James Polk Essay, Research Paper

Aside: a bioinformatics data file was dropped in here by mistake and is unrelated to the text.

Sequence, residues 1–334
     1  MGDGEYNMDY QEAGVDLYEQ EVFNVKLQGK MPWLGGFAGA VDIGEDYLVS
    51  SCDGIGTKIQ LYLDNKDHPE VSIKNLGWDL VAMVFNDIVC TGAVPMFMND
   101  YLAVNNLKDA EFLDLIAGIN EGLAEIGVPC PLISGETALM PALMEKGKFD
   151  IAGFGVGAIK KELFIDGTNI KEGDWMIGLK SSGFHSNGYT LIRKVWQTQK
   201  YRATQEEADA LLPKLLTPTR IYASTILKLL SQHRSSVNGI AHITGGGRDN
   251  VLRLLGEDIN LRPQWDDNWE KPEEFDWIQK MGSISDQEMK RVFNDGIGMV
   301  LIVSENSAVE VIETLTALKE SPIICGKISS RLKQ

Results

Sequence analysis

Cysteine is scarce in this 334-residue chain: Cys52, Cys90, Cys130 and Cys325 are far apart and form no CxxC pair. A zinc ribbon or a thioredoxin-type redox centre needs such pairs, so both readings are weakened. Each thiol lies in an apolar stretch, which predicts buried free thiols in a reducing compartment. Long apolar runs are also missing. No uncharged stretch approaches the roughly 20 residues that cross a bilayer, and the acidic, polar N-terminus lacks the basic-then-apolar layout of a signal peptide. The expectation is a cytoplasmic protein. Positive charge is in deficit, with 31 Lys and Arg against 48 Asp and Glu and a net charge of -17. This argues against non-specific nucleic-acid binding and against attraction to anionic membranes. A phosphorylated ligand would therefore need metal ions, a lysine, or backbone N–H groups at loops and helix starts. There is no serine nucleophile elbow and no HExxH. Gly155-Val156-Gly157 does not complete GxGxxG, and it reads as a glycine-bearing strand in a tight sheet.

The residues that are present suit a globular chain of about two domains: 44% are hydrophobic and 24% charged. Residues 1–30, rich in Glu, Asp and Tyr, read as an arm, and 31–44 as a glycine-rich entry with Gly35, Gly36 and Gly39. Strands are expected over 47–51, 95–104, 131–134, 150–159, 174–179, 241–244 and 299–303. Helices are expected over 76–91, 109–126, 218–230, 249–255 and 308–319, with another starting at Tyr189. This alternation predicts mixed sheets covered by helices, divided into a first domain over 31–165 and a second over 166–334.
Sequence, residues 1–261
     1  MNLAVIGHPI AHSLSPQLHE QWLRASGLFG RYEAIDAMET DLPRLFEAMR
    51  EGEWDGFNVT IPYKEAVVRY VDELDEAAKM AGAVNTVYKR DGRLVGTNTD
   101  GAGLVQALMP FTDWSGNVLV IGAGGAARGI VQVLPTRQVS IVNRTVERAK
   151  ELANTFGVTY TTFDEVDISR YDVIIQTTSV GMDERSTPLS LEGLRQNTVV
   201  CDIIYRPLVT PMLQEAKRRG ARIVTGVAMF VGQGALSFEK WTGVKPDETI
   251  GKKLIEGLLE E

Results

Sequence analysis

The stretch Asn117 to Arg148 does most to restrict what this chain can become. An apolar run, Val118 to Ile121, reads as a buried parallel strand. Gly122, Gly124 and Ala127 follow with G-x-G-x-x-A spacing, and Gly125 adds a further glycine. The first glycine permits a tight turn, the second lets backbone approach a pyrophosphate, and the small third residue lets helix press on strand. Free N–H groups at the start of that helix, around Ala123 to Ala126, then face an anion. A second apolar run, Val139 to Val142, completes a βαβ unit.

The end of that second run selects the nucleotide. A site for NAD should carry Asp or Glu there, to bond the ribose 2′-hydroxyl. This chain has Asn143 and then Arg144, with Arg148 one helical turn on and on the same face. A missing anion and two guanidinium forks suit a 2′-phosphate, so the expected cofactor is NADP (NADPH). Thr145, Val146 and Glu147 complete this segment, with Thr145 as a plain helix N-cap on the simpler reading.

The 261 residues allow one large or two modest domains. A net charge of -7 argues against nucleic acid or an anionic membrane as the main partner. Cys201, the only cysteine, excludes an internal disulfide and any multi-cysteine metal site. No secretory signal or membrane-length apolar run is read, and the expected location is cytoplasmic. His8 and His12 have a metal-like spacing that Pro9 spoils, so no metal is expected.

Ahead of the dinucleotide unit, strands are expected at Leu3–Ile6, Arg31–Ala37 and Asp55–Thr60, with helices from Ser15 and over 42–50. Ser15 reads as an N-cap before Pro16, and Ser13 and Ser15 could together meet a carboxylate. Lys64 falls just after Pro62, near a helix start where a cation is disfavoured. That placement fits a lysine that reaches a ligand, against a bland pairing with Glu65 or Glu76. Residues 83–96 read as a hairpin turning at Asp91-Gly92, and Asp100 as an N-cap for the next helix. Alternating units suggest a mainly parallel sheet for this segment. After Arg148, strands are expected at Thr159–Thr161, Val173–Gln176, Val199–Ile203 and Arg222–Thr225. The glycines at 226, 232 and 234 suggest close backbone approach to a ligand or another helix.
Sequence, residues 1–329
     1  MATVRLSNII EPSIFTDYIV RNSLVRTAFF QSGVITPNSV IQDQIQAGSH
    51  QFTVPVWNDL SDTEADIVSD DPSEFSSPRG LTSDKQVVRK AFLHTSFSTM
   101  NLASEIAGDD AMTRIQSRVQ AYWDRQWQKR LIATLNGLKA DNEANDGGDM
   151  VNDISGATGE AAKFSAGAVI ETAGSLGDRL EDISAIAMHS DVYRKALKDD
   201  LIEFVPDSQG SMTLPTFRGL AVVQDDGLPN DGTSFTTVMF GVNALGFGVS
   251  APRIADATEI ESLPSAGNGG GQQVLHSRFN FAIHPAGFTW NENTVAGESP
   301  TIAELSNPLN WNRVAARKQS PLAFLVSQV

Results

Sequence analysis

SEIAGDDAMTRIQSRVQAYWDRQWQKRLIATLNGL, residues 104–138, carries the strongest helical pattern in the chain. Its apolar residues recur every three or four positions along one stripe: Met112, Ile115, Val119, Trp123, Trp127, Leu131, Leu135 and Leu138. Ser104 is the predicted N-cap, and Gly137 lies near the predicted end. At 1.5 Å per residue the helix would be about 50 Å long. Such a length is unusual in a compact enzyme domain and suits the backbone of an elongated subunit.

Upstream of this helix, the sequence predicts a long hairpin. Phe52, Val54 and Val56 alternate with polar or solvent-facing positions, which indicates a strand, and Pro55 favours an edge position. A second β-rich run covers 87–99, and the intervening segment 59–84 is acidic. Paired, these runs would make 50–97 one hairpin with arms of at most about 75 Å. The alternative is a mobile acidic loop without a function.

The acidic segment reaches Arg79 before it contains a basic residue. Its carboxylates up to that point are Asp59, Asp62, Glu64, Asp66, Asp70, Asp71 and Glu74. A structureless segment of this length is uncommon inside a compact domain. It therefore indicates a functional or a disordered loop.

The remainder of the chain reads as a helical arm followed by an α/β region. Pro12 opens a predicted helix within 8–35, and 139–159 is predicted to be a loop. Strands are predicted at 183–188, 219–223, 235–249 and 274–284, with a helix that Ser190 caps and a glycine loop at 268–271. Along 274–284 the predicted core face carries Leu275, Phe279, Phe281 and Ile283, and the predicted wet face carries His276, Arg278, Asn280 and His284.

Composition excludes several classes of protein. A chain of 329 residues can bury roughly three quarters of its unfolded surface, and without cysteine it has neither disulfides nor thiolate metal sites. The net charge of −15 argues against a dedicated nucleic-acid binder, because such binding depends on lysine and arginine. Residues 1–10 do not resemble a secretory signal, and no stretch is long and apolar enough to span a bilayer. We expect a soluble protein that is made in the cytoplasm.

James Polk: Young Hickory and Dark-Horse Polk was born on a farm in Mecklenburg county, N. C. , on Nov. 2, 1795, the oldest of the 10 kids of Samuel and Jane Knox Polk. The Polks had moved from Pennsylvania a coevals earlier, among the first innovator colonists in that portion of North Carolina. James & # 8217 ; granduncle, Thomas Polk, was the most outstanding leader in the community. His maternal gramps, James Knox, was a husbandman and a blacksmith who had distinguished himself in the Continental Army during the American Revolutionary War. Through his granduncle Thomas Polk, Polk & # 8217 ; s male parent had benefitted from huge land guesss by which political insiders in North Carolina obtained claims on most of the good lands in what became the province of Tennessee. [ 1 ] In 1806, Polk & # 8217 ; s household moved to some of these lands on the Tennessee frontier, settling near the new town of Columbia in what subsequently became Maury County. James Polk, at this clip, developed terrible bilestones that were surgically removed in a hazardous process so. Without the benefit of modern engineering, sterilisation, or anaesthesia, the famed Kentucky sawbones Dr. Ephraim McDowell operated on him successfully taking the bilestones. He returned healthy that brought a haste of energy and aspiration. [ 2 ] This haste entices Polk to inscribe at a nearby Presbyterian academy for a twelvemonth in Columbia and another twelvemonth at a more celebrated educational establishment at Murfreesboro. At the age of 20, he successfully passed the entryway demands for the sophomore category of the University of North Carolina. He was & # 8220 ; correct, punctual, and hardworking, & # 8221 ; and as a graduating senior in 1818 he was the Latin salutatory speaker of his category & # 8211 ; the preeminent bookman in both the classics and mathematics. After graduation he returned to Tennessee and began to pattern jurisprudence in Nashville. His involvement in political relations, which had fascinated him even as a immature male child, was encouraged by his association with the outstanding condemnable attorney, Felix Grundy. The Panic of 1819 plunged the province into unprecedented economic hurt while Polk was in Nashville. As people cried out for alleviation from the difficult times, a new manner of political relations developed, with Grundy emerging as the paradigm of the politician who rises to power by defending, or looking to title-holder, the cause of the hard-pressed. Polk began to erudite political relations every bit good as jurisprudence, like an learner, from Grundy. [ 3 ] Because he was a confirmed Democrat, an foolproof protagonist of Andrew Jackson, and his manner of political oratory became so popular characterized as the & # 8220 ; Napoleon of the stump, & # 8221 ; his political calling was assured. Grundy, in 1819, helped Polk procure the clerkship in the province Senate. Meanwhile, holding been admitted to the saloon in 1820, he had been practising jurisprudence in Nashville and Columbia. Polk attained his first political station in 1823, winning election to the Tennessee House of Representatives. [ 4 ] His married woman furthered his rapid rise to political power, Sara Childress Polk, whom he married Jan. 1, 1824, while functioning in the province house of representatives from 1823-1825. ( Smith ) They had no kids. The societal prominence of her household and her personal appeal were distinguishable assets for a politically ambitious attorney. As an official hostess she won the esteem and regard of the taking figures of the twenty-four hours, and for 25 old ages she was her hubby & # 8217 ; s close comrade in province and national political relations. As a member of the legislative assembly Polk took sides against the antecedently dominant cabal of Tennessee politicians with whom his household had been allied. Supporting the policies of the popular reforming governor William Carroll, he emerged, despite his young person, as the legislative leader of the oppositions of the land speculators and the bankers. However, he broke with Carroll to back up the presidential aspirations of Tennessee & # 8217 ; s even more popular military hero, Gen. Andrew Jackson, a longtime friend of the Polk household. ( Smith ) This was easier because Jackson, excessively, had come to oppugn the land guesss and banking activities of his former political associates. In 1825, Polk entered the U.S. House of Representatives. He held his place in Congress for 14 old ages with lone occasional challenges. Jackson recieved more ballots than any of the three campaigners in the 1824 Presidential Election, but he did non win bulk electoral ballots, leting the House of Representatives to take John Quincy Adams as president. [ 5 ] Polk went to Washington with the paramount intent of assisting Jackson win the 1828 presidential term. By Jackson increasely swearing Polk, the immature congresswoman played a big portion in the four-year run that eventually installed Jackson in the White House in 1829 as President of the United States. [ 6 ] During Jackson & # 8217 ; s first term his prot g, & # 8220 ; Young Hickory & # 8221 ; Polk became a outstanding disposal spokesman in the House against internal-improvement undertakings and for duty decrease. Polk & # 8217 ; s Jeffersonian political orientation of provinces & # 8217 ; rights and limited authorities made him originally sympathetic to the philosophy of nullification that John C. Calhoun developed to oppose high protective duties. But when Jackson broke with Calhoun, Polk pulled back in clip to retain the president & # 8217 ; s assurance. Polk & # 8217 ; s opportunity, nevertheless, for greater prominence came in 1832. [ 7 ] Jackson vetoed the measure rechartering the Second Bank of the United States. As president of the Ways and Means Committee and main disposal leader in the House, Polk beat back the desperate attempts of the protagonists of the Bank to change by reversal disposal policy and unafraid recharter. His wages was election as the talker of the House in 1835. [ 8 ] Polk & # 8217 ; s skill and composure enabled Congress to sit out the ferocious arguments whipped up by the abolishment inquiry and by an inflamed partiality. Meanwhile many former Jackson & # 8217 ; s protagonists in Tennessee, led by Congressman John Bell, were interrupting off from Jackson & # 8217 ; s Democratic party. They were back uping Tennessee & # 8217 ; s favourite boy Hugh Lawson White, a WHIG, for president in 1836 against Jackson & # 8217 ; s pick, Vice President Martin Van Buren. Polk & # 8217 ; s attempts to form the province for Jackson & # 8217 ; s campaigner failed to maintain Tennessee in the Democratic column, although Van Buren did win the presidential term. Polk, in 1839, gave up the speakership to run for governor seeking to convey Old Hickory & # 8217 ; s province back into the Democratic crease. After a strenuous run, he eked out a narrow bulk. As a wages he sought the Democratic vice- presidential nomination in 1840, but was turned down by the national convention. In 1841 and once more in 1843 he was narrowly defeated for a 2nd term as governor of Tennessee. Polk & # 8217 ; s nomination as the Democratic campaigner for president in 1844 was unsought by him, alternatively ventured into the Democratic vice-presidential nomination, for the party had more outstanding boies in Martin Van Buren, Lewis C